Ordnance Survey (OS) has become involved in a legal tussle in which it has been accused of doing “everything within its power” to prevent the emergence of geospatial data start-up 77M.
The High Court has this week been presented with details of a case likely to test the Government’s commitment to opening public sector information to re-use.
Court papers seen by UKAuthority include claims that the proceedings show the “abject failure” of the policy thanks to “stubborn intransigence” on the part of the mapping agency.
The hearing is the culmination of a four-year dispute over whether Surrey based start-up 77M may use geographical data derived from OS products licensed to other public bodies to develop a commercial product.
Proceedings began when 77M, which describes itself as “a small company with big data”, sought legal clarity over sets of polygons from HM Land Registry showing the line of freehold registered properties in England and Wales.
The open source dataset was developed to comply with the EU INSPIRE directive, which came into force in 2007 with the aim of establishing a European infrastructure for spatial information. It was one of hundreds of datasets consulted to create the company’s mash-up database named Matrix.
Ordnance Survey responded with a counterclaim that 77M had infringed its database rights or copyrights. As a result, 77M consented for the case to move from the specialist Intellectual Property Enterprise Court to the High Court, where it is being heard this week.
While litigation over the re-use of Ordnance Survey is not new, the 77M case has a number of interesting angles. First, 77M says it is entitled to use the data under licences granted by other public bodies, including HM Land Registry, Registers of Scotland and Lichfield District Council.
OS contests whether these bodies, which are not parties to the case, were entitled to grant the licences. As part of its case, 77M alleges that Ordnance Survey induced HM Land Registry to break a contract with the company – a claim denied by OS.
In another unusual aspect, 77M maintains that no Ordnance Survey data has been transferred into Matrix for use by third parties; the datasets were only used within the company to ensure its mash-up was accurate. It claims this accords with the Open Government Licence, which allows for ‘internal extraction’.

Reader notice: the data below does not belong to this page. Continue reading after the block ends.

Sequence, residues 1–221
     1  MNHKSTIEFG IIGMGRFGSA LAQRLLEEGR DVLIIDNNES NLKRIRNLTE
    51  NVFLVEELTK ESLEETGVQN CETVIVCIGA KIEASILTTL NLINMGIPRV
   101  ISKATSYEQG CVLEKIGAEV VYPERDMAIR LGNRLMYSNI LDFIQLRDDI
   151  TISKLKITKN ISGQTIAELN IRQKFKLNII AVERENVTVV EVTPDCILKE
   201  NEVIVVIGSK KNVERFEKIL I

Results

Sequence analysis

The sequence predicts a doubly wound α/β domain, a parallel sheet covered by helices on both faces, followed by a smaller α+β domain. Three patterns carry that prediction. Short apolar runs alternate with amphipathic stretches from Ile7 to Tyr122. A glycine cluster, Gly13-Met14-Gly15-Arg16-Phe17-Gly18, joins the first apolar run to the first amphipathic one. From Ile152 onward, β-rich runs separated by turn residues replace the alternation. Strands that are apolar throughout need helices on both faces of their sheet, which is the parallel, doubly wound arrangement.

Opening ‘skeleton arguments’ seen by UKauthority show highly polarised positions. 77M accuses Ordnance Survey of approaching the litigation “with the bloody minded attitude of a private litigant, and not as a model Crown representative”.
The company is claiming compensation for delays in marketing Matrix, which it says “has been buried beneath a cloud of uncertainty created by OS’s conduct, its accusations in the marketplace, and several interventions aimed at cutting off the supply of licensed data”.
It has found itself in a “turf war” between different government bodies. “OS would undoubtedly like to be able to monopolise the licensing of all Crown geospatial data via its various ‘licensing channels’, even datasets produced and maintained by other government departments which may be partly based on data which OS has supplied.”
For its part, Ordnance Survey’s skeleton argument maintains that OS “operates a clear and comprehensive licensing system”, in which some data is available on an open basis but the “Crown jewels” (including addresses which have been through the geocoding process) are generally only available for commercial use in premium products with a licence from OS or a licensed partner.
It states that some of the licences relied on by 77M “should never have been granted on the terms they were by third parties”.
Meanwhile, OS says it “has been mindful at all times of 77M’s position as a small company and has sought to address this by, among other things, agreeing to (limiting 77M’s exposure to costs) and providing practical assistance to 77M and its solicitors, such as preparing the trial bundles.”
The hearing continues. Whichever way the verdict goes, it is an embarrassment for the Geospatial Commission, set up in 2017 with members including HM Land Registry and Ordnance Survey to co-ordinate the opening up of key national data sets for re-use.
Image: Royal Courts of Justice by Wei-Te Wong, CC BY-SA 2.0